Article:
Section: Scientific Foundations

Physiological & Clinical research topics

The cardiovascular system: a multiscale controlled system

Understanding the complex mechanisms involved in the cardiac pathological processes requires fundamental researches in molecular and cell biology, together with rigorous clinical evaluation protocols on the whole organ or system scales. Our objective is to contribute to to these researches by developing low-order models of the cardiac mechano-energetics and control mechanisms, for applications in model-based cardiovascular signal or image processing.

We consider intrinsic heart control mechanisms, ranging from the Starling and Treppe effects on the cell scale to the excitability of the cardiac tissue and to the control by the autonomous nervous system. They all contribute to the function of the heart in a coordinated manner that we want to analyze and assess. For this purpose, we study reduced-order models of the electro-mechanical activity of cardiac cells designed to be coupled with measures available on the organ scale (e.g. ECG and pressure signals). We study also the possibility to gain insight on the cell scale by using model-based multiscale signal processing techniques of long records of cardiovascular signals.

Here are some questions of this kind, we are considering:

- Modeling the controlled contraction/relaxation from molecular to tissue and organ scales.

- Direct and inverse modeling the electro-mechanical activity of the heart on the cell scale.

- Nonlinear spectral analysis of arterial blood pressure waveforms and application to clinical indexes.

- Modeling short-term and long-term control dynamics on the cardiovascular-system scale. Application to a Total Artificial Heart.

Reproductive system: follicular development & ovulation control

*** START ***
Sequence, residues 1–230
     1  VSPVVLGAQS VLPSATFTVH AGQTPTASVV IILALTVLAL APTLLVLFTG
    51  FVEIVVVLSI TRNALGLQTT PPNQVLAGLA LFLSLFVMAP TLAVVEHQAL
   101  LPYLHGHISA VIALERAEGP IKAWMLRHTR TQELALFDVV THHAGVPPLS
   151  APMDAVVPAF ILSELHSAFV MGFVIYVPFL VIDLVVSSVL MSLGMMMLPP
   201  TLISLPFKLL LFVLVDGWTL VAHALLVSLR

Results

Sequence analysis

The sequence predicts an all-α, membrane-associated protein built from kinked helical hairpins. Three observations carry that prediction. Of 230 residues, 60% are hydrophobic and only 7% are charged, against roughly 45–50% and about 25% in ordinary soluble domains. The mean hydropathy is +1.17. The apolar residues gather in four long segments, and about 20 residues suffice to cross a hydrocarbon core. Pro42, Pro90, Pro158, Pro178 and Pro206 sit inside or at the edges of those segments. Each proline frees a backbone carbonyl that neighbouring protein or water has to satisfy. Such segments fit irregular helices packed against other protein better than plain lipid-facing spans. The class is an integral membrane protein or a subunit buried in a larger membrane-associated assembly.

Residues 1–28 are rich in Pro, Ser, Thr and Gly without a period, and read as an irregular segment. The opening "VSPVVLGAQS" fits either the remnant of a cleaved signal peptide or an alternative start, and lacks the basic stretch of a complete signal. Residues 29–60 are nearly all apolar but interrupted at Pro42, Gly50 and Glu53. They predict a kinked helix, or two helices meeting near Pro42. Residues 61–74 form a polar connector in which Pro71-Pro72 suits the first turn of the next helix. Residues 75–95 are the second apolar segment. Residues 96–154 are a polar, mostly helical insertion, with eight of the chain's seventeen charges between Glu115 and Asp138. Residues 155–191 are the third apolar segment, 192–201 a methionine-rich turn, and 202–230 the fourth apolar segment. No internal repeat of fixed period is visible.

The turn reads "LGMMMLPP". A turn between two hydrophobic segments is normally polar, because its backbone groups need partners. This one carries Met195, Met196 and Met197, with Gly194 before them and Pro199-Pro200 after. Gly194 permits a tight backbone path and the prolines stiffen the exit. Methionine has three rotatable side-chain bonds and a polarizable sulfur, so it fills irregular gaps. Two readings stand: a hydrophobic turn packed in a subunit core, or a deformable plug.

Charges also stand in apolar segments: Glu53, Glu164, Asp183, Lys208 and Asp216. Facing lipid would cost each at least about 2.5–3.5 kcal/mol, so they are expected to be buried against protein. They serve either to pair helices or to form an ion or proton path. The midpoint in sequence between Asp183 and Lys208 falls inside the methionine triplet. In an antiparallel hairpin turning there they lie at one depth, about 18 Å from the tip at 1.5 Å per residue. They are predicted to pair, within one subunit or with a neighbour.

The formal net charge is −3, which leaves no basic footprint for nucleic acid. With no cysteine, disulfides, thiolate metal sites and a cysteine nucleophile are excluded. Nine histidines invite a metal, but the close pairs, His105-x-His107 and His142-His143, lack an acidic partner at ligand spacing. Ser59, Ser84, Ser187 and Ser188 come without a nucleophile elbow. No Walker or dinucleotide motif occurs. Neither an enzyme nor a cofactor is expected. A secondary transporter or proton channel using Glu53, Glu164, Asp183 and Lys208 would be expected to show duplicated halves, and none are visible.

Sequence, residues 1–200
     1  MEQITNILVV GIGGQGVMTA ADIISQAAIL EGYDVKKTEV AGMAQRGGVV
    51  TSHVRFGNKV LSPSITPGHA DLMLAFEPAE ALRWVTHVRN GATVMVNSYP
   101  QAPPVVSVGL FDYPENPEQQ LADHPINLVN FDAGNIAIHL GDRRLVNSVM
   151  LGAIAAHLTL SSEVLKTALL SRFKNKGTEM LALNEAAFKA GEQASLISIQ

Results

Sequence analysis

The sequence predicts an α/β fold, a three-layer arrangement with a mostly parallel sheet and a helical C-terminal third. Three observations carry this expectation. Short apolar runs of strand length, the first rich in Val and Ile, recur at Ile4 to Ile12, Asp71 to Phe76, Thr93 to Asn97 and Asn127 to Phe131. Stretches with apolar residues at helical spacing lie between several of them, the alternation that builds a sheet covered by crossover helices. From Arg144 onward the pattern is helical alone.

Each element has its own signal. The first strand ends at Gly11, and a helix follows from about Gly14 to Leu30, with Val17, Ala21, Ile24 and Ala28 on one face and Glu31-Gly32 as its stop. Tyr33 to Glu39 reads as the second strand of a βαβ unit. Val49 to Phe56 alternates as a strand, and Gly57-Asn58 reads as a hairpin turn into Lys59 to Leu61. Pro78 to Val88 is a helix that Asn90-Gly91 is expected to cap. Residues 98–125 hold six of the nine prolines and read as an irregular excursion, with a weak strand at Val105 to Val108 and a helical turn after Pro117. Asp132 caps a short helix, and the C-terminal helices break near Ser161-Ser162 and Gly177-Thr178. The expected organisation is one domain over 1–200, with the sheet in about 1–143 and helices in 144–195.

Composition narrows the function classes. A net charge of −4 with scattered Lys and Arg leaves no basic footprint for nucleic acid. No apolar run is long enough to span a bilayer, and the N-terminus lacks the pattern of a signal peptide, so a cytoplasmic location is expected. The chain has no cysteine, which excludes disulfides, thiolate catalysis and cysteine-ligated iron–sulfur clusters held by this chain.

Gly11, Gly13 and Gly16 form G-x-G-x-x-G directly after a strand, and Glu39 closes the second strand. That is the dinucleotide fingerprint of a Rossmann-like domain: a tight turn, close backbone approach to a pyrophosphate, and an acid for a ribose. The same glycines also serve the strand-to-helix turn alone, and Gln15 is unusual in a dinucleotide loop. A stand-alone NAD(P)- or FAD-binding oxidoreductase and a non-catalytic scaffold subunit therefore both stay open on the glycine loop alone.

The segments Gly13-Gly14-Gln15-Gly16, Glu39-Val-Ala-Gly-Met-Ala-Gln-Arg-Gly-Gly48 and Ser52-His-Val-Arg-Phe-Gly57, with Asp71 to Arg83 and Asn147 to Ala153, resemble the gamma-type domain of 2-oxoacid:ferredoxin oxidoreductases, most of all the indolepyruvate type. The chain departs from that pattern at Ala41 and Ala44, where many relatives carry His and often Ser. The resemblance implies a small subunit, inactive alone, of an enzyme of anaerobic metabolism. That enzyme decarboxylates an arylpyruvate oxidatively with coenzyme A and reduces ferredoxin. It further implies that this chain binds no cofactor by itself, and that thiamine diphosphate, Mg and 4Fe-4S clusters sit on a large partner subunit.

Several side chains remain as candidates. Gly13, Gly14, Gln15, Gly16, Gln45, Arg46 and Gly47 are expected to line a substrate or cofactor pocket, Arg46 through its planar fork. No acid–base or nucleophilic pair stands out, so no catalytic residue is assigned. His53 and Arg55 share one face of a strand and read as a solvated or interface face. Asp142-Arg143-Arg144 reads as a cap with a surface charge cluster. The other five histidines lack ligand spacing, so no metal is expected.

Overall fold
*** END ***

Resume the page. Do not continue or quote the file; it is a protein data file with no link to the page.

The ovulatory success is the main limiting factor of the whole reproductive process, so that a better understanding of ovulation control is needed both for clinical and zootechnical applications. It is necessary to improve the treatment of anovulatory infertility in women, as it can be by instance encountered in the PolyCystic Ovarian Syndrome (PCOS), whose prevalence among reproductive-age women has been estimated at up to 10%. In farm domestic species, embryo production following FSH stimulation (and subsequent insemination) enables to amplify the lineage of chosen females (via embryo transfer) and to preserve the genetic diversity (via embryo storage in cryobanks). The large variability in the individual responses to ovarian stimulation treatment hampers both their therapeutic and farming applications. Improving the knowledge upon the mechanisms underlying FSH control will help to improve the success of assisted reproductive technologies, hence to prevent ovarian failure or hyperstimulation syndrome in women and to manage ovulation rate and ovarian cycle chronology in farm species.

To control ovarian cycle and ovulation, we have to deeply understand the selection process of ovulatory follicles, the determinism of the species-specific ovulation rate and of its intra- and between-species variability, as well as the triggering of the ovulatory GnRH surge from hypothalamic neurons.